Editor’s Picks 91: Marlene Oak, Aistè, Alaska Reid, Joy Oladokun, Bleach Lab, & BEL!

Atwood Magazine's Editor's Picks 91
Atwood Magazine's Editor's Picks 91
Atwood Magazine is excited to share our Editor’s Picks column, written and curated by Editor-in-Chief Mitch Mosk. Every week, Mitch will share a collection of songs, albums, and artists who have caught his ears, eyes, and heart. There is so much incredible music out there just waiting to be heard, and all it takes from us is an open mind and a willingness to listen. Through our Editor’s Picks, we hope to shine a light on our own music discoveries and showcase a diverse array of new and recent releases.
This week’s Editor’s Picks features Marlene Oak, Aistè, Alaska Reid, Joy Oladokun, Bleach Lab, and BEL!

Atwood Magazine Editor's Picks 2020 Mic Mitch

 follow EDITOR’S PICKS on Spotify

“Big Time”

by Marlene Oak

If “Big Time” is so sweet, then why do I cry every time I listen to it? Marlene Oak’s achingly beautiful first single of the year is an instant classic – at least, it is for me. The kind of song that tugs at the heartstrings, tapping something deep down inside, “Big Time” finds the Swedish singer/songwriter dwelling in life’s little sparks – the everyday things that make us happy, that make each day feel meaningful, and make life feel worthwhile. “I hear you whisper through my dreams love, until the morning brings me down,” Oak sings alongside a gentle, intimate guitar pattern. “They say true love is hard to find now, ‘til it comes knocking on your door.

Big Time - Marlene Oak
Big Time – Marlene Oak

Violins and cellos create an enchanting set of harmonies with the guitar as Oak lifts up into a breathtaking tearjerker of a chorus. With an open heart and outstretched arms, she spills her soul into a moment of unbridled, unapologetic, and uncompromising love:

I am asking for the big time,
no more maybe I don’t know
Come on baby you’re the big time,
So what are you waiting for?
What are you waiting for?
Can’t you see we’re good to go

“‘Big Time’ is a song about finding joy in the simplicity of life,” Oak tells Atwood Magazine. “For me, ‘Big Time’ is about realizing what life really is about. As a kid, you’re more connected and present. When you grow up and become an adult there are so many obligations and demands and we often forget to live in the here and now. Writing ‘Big Time’ was also a way for me to find hope and healing when I went through a rough period. I felt lost and a brutal emptiness inside of me, but sometimes things that we find unpleasant help us to grow and evolve. When I sing ‘Big Time’ I feel a strength in me and I hope that listeners can feel it too.”

“It’s a message that I think will resonate with many listeners, especially during these challenging times. I hope that my music can bring a little bit of light and hope into people’s lives.”

Let me take you on a trip now,
Wherever you’d like to go
We could head into the bright lights
Or stay on the open road

Maybe it’s that notion of realizing what really matters most that resonates so much inside; maybe it’s the song’s sense of catharsis and healing through human connection; or maybe it’s Oak’s uninhibited expression of pure love. Whatever the case, “Big Time” has this uncanny way of unlocking our tear ducts and letting it all flow freely. Marlene Oak has tapped into something timeless and everlasting on this special song, and I, for one, will be playing it (and crying profusely) for years and years to come.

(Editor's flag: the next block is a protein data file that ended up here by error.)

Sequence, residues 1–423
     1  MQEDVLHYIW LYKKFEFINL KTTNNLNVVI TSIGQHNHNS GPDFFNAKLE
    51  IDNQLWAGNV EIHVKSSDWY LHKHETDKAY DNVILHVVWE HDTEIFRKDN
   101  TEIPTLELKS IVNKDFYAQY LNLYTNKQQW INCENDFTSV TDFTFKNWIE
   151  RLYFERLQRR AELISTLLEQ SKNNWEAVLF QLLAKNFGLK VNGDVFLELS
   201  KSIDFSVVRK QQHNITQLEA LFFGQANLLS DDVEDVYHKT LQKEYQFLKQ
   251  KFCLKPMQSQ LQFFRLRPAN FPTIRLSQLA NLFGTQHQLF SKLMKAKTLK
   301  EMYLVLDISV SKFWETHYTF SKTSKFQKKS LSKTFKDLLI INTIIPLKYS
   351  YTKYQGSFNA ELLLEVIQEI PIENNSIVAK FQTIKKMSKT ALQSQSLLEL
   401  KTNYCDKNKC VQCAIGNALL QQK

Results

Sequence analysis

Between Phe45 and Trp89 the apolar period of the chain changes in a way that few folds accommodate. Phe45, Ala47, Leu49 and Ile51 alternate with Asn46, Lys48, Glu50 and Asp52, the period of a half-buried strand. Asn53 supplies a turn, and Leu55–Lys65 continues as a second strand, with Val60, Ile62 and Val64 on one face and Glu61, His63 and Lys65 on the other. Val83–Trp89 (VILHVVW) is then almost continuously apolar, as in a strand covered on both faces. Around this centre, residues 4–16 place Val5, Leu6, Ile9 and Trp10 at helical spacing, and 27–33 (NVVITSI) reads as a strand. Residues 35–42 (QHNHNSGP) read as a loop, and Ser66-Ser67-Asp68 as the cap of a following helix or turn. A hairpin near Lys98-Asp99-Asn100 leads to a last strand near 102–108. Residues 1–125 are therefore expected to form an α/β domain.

I am ready for the big time,
Well by now you oughta know
Come on baby you’re the big time,
So what are you waiting for?
What are you waiting for?
Can’t you see we’re good to go
What are you waiting for?
What are you waiting for?
Can’t you see we’re good to go

“You've Got the Feeling”

by Aistè

I wouldn’t be surprised if Aistè ends up turning an entire new generation onto classic soul and R&B music: The East London based, Lithuanian-born artist has a powerhouse voice of pure gold – and the ear to match – and these talents shine bold and bright on her breathtaking new song. Released February 10, 2023, “You’ve Got The Feeling” is the latest single off Aistè’s forthcoming debut album The Theory of Everything, set to release this May. Not only is this track a moving expression of heartache in its purest form, but it’s also a stunning display of self-empowerment: The strength we harness within, in the wake of hardship and emotional scars.

You've Got the Feeling - Aistè
You’ve Got the Feeling – Aistè
abrupt affair, i’m under your feet
what’s that? why here?
you’re all that I need
is that all you wanted from me?
if it is, what it is, then let me leave
oh, yes i know, i’ll be waiting
and you’ll never call again
what a scary end
oh no, but it’s ok, because

Effected pianos soar alongside Aistè’s vocals as she reckons with the smoldering embers of an extinguished flame. No sooner has she set the scene, than she slowly rises, coming to a radiant and emotional climax alongside a bevy of orchestral strings and warm, enchanting vocal harmonies:

you’ve got that feeling
that i don’t wanna know
you’ve got that feeling
oh, oh, oh, oh